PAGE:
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25 Apr 14. The Government Accountability Office on Friday told lawmakers the U.S. Army made a “sound” decision when it decided to skip prototypes in a $6bn competition for a new combat vehicle that was unsuccessfully challenged by General Dynamics Corp. The GAO, the investigative arm of Congress, said the Army had taken other actions to reduce cost and risk on the new vehicle program, including reducing requirements and opting to modify an existing vehicle built by BAE Systems Plc. The agency is required by law to review any Pentagon decision to waive a 2009 federal law that is aimed at saving money and time by requiring competitive prototypes before work starts on any new major weapons programs. In this case, GAO said, the Army had concluded that it would cost between $198m to $341m to build up to six vehicle prototypes and would add 19 to 31 months to the program’s schedule while generating no benefits. The Pentagon notified Congress last November that it had waived the prototyping requirement for the Army’s Armored Multi-Purpose Vehicle (AMPV) program due to “excessive cost,” triggering a mandatory review by GAO. GAO said that in justifying the lack of prototypes, the Army and Pentagon cited market research that found the requirements for the new vehicle could be met by modifying existing combat vehicles with mission packages that had already been fielded and prototyped. GAO said it reviewed the Army’s cost-benefit analysis and found it be consistent with Pentagon guidelines. It said the Army could have more fully evaluated the potential benefits of reducing development risks through prototyping but that its decision to skip prototypes for the new vehicle appeared sound. General Dynamics argues that the Army’s approach is skewed to favor BAE’s tracked Bradley Fighting Vehicle over its own wheeled Stryker vehicle. On Friday, spokesman Pete Keating said the GAO report provided further evidence that the Army wanted to use the BAE vehicle and was not open to other entrants. “This is clear evidence that the competition and requirements are structured in such a way that … we could not compete,” Keating said. The Army rejected a protest filed by General Dynamics, which last week said it had decided not to pursue a separate protest with the GAO. Several lawmakers who back General Dynamics have said they hope to draft legislation that would require the Army to buy a mixed fleet of modified Bradley and Stryker vehicles for the new armored combat vehicle.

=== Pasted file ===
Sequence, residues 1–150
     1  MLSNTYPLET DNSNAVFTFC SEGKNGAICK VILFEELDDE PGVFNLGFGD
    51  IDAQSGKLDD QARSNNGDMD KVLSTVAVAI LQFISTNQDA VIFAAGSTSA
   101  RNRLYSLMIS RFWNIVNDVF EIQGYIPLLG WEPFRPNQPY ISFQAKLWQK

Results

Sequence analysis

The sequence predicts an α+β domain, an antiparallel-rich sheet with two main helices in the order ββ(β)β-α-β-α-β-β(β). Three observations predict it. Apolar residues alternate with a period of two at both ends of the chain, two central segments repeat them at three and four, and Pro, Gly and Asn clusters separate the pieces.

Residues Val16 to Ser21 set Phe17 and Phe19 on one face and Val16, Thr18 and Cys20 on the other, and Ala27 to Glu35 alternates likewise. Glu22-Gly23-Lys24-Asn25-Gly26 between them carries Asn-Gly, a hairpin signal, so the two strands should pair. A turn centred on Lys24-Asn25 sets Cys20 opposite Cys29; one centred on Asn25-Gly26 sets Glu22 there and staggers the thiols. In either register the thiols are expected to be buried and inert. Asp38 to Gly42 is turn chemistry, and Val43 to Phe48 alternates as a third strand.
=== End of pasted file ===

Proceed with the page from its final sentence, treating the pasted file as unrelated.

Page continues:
(Source: Reuters)

24 Apr 14. Burkina Faso counterterrorism force gets new vehicles, equipment. The United States has delivered 10 vehicles, communications equipment, uniforms, helmets, body armour, medical equipment, and organisational equipment to Burkina Faso’s new Counter-Terrorism Company, the Defense Security Cooperation Agency (DSCA) announced on 22 April. The announcement was accompanied by a photograph of five Mercedes-Benz trucks.The DSCA said the vehicles and equipment were delivered under the Section 1206 Program, a fund that was set up to improve foreign security forces that are involved in counterterrorist operations or supporting US military operations. While Burkina Faso is not previously known to have Counter-Terrorism Company, the DSCA may have been referring to the l’Unité d’Intervention Polyvalente (UPI): an elite police unit established in January 2013 to fight organised crime and terrorism. (Source: IHS Jane’s)

21 Apr 14. The Lockheed Martin Team’s Joint Light Tactical Vehicle (JLTV) has achieved 100,000 miles in the government’s Engineering & Manufacturing Development (EMD) reliability, availability and maintainability (RAM) testing. In August 2013, Lockheed Martin delivered 22 JLTVs to the U.S. Army and Marine Corps for EMD testing, which will continue through the fall. RAM testing i

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